- Amande E. Strauss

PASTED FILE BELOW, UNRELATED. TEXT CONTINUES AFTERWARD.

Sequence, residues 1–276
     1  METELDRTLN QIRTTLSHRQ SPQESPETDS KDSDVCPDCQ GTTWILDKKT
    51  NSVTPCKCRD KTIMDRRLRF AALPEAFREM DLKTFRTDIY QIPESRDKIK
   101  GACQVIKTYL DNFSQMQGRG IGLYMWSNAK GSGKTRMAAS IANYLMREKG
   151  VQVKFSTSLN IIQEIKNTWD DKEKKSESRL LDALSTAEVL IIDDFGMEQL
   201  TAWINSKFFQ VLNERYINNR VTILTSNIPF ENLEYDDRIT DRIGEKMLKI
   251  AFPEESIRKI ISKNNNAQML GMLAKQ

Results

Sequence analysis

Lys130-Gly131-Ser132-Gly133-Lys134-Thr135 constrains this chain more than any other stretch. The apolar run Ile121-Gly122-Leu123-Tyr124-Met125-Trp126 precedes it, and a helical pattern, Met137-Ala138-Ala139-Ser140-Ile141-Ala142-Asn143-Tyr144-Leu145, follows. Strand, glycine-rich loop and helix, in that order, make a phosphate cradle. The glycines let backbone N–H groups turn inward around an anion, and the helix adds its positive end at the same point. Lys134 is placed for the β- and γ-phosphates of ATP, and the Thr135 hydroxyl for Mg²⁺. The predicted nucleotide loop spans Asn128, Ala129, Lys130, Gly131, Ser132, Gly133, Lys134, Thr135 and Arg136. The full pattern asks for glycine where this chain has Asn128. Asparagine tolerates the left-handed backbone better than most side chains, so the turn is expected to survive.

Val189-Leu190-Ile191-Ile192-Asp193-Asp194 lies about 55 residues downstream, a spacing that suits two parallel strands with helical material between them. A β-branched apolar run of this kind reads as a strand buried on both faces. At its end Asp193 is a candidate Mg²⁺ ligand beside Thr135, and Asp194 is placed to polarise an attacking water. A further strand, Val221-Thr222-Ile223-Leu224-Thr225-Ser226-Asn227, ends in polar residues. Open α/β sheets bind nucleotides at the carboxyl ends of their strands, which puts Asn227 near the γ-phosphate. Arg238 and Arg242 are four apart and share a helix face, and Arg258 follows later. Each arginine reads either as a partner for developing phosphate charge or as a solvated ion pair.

Christian, Barbara (12 December 1943–25 July 2000), pioneering scholar in black feminist literary criticism, was born Barbara Theresa Christian in St. Thomas, U.S. Virgin Islands, one of six children of Ruth Christian and Judge Alphonso A. Christian. A precocious scholar from a young age, Christian graduated as high school valedictorian from Saints Peter and Paul Catholic School in St. Thomas at the age of fifteen. She matriculated to Marquette University, a Jesuit Catholic university located in Milwaukee, Wisconsin, where she earned a B.A. cum laude in 1963. She planned to become a medical doctor and declared a major in chemistry but changed course during her sophomore year when she discovered T. S. Eliot’s poem “The Wasteland.” Christian pursued her doctorate at Columbia University in New York City, in part because of its close proximity to Harlem. She studied contemporary British and American literature, obtaining an M.A. in 1964 and a Ph.D. with distinction in 1970. Her dissertation, “Spirit Bloom in Harlem. The Search for a Black Aesthetic during the Harlem Renaissance: The Poetry of Claude McKay, Countee Cullen, and Jean Toomer,” foreshadowed Christian’s lifelong commitment to illuminating and promoting the rich African American literary canon....